The company's "" is essentially a money-back guarantee that takes effect only if PeopleSoft is acquired. The program, which PeopleSoft started in June, could trigger as much as to customers should the company be acquired. That liability potentially drives up the price of PeopleSoft, thus making it less attractive to potential suitors, including Oracle.
Oracle and some shareholders haveas a management entrenchment tactic that erodes the company's value. PeopleSoft has defended the move as a deterrent to Oracle and its plan to buy PeopleSoft on the cheap and dismantle it.
As originally intended, the program expired Wednesday, coinciding with the close of PeopleSoft's first fiscal quarter, PeopleSoft spokesman Steve Swasey said. The program's discontinuation also comes after the Justice Departmentto block Oracle's $9.4 billion bid on the ground that the deal would be anticompetitive. The European Commission has signaled it may block the deal as well.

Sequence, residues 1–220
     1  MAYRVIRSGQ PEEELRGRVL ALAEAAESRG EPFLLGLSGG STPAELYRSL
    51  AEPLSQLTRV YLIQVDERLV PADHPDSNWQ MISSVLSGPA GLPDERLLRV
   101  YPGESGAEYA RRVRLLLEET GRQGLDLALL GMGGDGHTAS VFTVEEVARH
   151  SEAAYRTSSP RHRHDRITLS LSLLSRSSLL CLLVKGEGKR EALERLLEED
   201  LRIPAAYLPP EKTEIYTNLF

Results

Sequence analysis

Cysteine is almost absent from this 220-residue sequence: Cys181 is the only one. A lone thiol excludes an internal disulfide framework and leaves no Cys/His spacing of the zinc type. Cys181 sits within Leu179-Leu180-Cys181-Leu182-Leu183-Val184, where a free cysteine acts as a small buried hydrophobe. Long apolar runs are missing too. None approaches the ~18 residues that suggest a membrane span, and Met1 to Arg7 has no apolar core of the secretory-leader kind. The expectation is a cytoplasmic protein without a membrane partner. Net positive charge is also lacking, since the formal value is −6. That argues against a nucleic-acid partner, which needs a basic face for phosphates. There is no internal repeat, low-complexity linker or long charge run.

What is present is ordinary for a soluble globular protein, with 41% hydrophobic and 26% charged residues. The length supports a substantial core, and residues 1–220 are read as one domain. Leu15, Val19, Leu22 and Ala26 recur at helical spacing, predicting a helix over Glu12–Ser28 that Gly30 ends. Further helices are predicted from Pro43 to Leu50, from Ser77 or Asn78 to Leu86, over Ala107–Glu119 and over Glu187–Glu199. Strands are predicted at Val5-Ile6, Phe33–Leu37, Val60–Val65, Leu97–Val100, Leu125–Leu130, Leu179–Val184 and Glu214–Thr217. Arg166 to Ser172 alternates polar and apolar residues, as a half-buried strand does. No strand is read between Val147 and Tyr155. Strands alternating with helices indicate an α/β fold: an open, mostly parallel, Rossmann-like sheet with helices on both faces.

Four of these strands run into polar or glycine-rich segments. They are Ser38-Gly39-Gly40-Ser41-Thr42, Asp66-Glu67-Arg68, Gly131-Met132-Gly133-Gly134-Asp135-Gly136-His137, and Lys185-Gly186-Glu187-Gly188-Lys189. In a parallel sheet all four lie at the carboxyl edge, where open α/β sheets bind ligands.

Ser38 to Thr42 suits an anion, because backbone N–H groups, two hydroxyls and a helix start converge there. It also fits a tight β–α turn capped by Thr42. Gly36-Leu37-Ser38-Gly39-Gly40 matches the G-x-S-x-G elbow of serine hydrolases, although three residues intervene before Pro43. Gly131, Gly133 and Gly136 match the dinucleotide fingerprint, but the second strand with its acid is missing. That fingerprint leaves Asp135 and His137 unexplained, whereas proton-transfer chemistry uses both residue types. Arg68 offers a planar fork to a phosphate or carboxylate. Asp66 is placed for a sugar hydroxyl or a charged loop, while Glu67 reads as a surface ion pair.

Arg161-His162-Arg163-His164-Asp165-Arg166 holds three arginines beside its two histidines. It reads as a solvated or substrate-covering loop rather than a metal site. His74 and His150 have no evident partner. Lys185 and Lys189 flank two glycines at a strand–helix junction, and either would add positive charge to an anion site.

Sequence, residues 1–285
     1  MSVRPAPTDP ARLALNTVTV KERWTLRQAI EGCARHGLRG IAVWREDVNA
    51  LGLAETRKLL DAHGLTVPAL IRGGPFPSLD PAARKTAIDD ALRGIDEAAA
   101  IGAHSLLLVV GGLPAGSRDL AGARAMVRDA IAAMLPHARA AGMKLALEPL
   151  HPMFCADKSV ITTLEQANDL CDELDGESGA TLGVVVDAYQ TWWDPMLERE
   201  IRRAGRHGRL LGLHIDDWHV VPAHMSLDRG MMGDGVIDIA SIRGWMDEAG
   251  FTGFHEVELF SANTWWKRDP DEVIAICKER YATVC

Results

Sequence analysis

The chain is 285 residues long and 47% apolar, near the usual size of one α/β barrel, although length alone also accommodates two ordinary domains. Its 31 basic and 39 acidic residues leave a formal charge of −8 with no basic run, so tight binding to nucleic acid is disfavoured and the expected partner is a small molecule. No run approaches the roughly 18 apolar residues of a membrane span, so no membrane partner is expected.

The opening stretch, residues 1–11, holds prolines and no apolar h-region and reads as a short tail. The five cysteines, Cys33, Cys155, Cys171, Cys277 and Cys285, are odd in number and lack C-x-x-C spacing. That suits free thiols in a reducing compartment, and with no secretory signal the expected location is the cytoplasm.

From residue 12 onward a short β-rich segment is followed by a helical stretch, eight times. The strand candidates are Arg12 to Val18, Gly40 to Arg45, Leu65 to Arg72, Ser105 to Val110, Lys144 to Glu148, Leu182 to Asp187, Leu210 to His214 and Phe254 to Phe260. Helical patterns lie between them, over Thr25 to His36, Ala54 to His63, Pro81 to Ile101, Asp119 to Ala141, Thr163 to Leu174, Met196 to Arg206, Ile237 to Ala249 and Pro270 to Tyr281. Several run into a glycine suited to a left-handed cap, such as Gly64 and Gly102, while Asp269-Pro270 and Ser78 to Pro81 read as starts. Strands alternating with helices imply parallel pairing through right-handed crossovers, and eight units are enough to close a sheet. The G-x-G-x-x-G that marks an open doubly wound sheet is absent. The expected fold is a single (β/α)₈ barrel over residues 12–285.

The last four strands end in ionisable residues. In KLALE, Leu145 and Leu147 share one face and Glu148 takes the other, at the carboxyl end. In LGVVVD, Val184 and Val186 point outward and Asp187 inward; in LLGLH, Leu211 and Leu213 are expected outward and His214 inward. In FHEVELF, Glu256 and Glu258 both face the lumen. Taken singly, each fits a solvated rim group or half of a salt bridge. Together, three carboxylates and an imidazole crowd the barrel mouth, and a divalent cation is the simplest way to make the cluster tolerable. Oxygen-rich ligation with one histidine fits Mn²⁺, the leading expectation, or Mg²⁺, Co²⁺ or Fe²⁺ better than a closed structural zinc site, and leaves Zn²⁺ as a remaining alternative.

Oracle is in Brussels this weekbefore the European panel. The Redwood Shores, Calif., company is challenging the Justice Department suit as well, with the trial set to begin June 7 in San Francisco.
Despite the continuing fight, the lapse in the refund program may indicate that PeopleSoft is dropping its guard. The firm may also be heeding the advice of twoHowever, the company's board of directors reserves the right reinstate the program, Swasey said. that recently called for an end to the program.